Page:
As for the gin, any will work and will of course bring out different elements. I suggest using a London Dry style gin as these balance the easiest in shaken drinks and are what the Savoy would have been using in the 1930's. If you have options, try them all and find what you like best.
  For more information on gin, check out these guides on its history, production, types, and brands. 

Lastly, always use fresh juice in your drinks! Using mixers or anything from concentrate will ruin your cocktail and waste your ingredients. Lemons are cheap and you can just squeeze them by hand if you don't have any kind of juicer.

The Corpse Reviver #2:

3/4oz London Dry gin
3/4oz Lillet Blanc (Cocchi Americano)
3/4oz Cointreau
3/4oz fresh lemon juice
1-2 dashes absinthe (or other pastis)

Combine all ingredients in a cocktail shaker, fill with ice and shake, then strain into a cocktail glass (double strain to get rid of any pulp).

The Time:
I'm going to go with the first publication of the drink in 1930 rather than it's earliest incarnations in 1860's.

The 1930's were very much the start of modern life was we know it. The public transportation system was implemented in London, frozen foods became commercially available, sliced bread was sold for the first time, and electricity really took over from gas power and other forms of energy. Science was moving forward faster and faster, with Pluto discovered in 1930, the Chrysler Building built, the jet engine patented, sticky tape invented, and for the first time ever, a television drama was broadcast - "The Man With The Flower In His Mouth" was shown on BBC. Unfortunately, it was also a much more depressing (note my choice of word) decade. Unemployment in the UK reached 1 million and war with Nazi Germany became inevitable. The 30's were a dramatic contrast to the "roaring" and "rich" 1920's.

In music, Bing Crosby made his first solo recording, big band swing was just about to boom, and jazz in general was becoming much more popular across the western world and evolving faster and faster. Swing music was very popular amongst young people, and because of its exciting, sexy, and up-tempo rhythm, became synonymous with dance. Swing dancing involved gyrating all over the dance floor and throwing your partner around and *gasp* moving your hips, so swing music and dancing were banned in many dance halls in both England and the U.S.. Thanks to radio, bandleaders like Benny Goodman, Artie Shaw, and Glenn Miller became house-hold names everywhere, not just dance-club-hold names in major cities.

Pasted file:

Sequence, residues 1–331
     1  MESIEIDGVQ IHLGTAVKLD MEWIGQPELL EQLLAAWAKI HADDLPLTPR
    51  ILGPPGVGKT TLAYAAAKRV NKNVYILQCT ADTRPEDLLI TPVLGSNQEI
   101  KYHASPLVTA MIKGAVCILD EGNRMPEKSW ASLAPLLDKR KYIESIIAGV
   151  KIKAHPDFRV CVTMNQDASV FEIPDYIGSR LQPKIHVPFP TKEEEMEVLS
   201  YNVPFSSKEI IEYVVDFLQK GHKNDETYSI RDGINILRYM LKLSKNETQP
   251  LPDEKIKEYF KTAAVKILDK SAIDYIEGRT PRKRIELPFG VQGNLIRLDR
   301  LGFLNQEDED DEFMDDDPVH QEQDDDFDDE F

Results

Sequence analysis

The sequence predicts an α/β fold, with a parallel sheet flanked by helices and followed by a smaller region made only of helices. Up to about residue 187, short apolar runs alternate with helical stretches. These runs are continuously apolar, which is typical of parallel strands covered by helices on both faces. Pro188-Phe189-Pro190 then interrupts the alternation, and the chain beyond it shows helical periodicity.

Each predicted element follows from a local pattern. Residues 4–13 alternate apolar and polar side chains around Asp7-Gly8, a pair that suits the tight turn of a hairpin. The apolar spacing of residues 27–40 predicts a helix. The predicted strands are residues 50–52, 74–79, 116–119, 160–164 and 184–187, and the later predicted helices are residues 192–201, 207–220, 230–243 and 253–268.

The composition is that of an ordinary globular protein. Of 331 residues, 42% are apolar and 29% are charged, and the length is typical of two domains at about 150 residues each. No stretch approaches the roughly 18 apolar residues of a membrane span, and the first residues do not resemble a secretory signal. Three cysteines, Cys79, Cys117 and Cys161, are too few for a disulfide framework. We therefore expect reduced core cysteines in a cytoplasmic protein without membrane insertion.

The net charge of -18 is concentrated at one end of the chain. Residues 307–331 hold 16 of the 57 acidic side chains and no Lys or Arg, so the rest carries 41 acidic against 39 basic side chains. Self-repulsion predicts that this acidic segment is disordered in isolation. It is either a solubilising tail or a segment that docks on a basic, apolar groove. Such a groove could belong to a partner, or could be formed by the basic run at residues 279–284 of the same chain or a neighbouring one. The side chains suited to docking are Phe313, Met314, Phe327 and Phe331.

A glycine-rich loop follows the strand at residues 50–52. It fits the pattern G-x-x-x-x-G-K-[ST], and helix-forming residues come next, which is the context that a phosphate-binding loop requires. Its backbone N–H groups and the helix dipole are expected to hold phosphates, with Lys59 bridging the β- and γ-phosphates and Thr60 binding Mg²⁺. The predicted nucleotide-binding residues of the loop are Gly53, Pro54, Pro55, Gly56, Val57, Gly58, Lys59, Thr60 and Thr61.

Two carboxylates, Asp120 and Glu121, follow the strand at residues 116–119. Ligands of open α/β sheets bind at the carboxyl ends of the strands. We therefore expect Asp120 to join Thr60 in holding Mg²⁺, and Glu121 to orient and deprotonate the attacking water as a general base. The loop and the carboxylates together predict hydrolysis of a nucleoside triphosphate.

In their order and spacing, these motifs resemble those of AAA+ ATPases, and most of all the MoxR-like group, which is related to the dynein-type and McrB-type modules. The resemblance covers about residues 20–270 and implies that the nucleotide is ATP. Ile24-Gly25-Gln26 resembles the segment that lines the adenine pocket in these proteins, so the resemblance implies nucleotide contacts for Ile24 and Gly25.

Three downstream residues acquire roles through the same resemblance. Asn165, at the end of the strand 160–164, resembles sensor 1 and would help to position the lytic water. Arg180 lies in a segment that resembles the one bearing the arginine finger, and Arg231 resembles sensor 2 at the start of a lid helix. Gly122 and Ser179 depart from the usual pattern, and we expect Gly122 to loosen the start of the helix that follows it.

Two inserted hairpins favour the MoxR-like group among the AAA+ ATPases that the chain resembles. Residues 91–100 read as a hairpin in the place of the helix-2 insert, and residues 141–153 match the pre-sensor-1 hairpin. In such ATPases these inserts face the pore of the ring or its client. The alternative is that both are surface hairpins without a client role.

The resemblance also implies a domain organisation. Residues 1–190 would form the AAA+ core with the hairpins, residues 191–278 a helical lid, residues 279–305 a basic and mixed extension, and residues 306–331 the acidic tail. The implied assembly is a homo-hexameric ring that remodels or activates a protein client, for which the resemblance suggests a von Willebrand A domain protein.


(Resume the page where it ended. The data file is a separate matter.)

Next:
To a lesser extent than America, jazz was happening in London too. Probably the most famous names were composer/bandleader Ray Noble, who was the His Master's Voice studio bandleader, and Al Bowlly, his regular vocalist. The latter had a very unique voice, and released over 1000 recordings from the 1920's until his untimely death during the Blitz in 1941. He was born in Mozambique, but grew up in South Africa before coming to Europe to pursue his musical ambitions, where he was asked to join Fred Elizalde's band at the Savoy Hotel. Yes, this is the very same Savoy Hotel where Harry Craddock created and served some of the most famous cocktails we know today and wrote his "Savoy Cocktail Book." Bowlly was a very important influence on vocalists, often credited with being the first "crooner," and even the first "pop star." Famous names in music were either instrumentalists, composers, or bandleaders, and Bowlly was one of the first, if not the first singer to release jazz /pop records under only his name (rather than the bandleader's name and featuring a vocalist). He was also the first singer to have his own solo spot on BBC radio.

So, for the Corpse Reviver #2, (which I suggest starting your evening with rather than your day) here is the original crooner himself, Al Bowlly - the "Big Swoon" - with Fred Elizalde's Savoy Hotel band, the way it would have been if you were enjoying yourself at the actual Savoy Hotel in late 1920's London.

Al Bowlly - Sweet and Lovely

No comments:

Post a Comment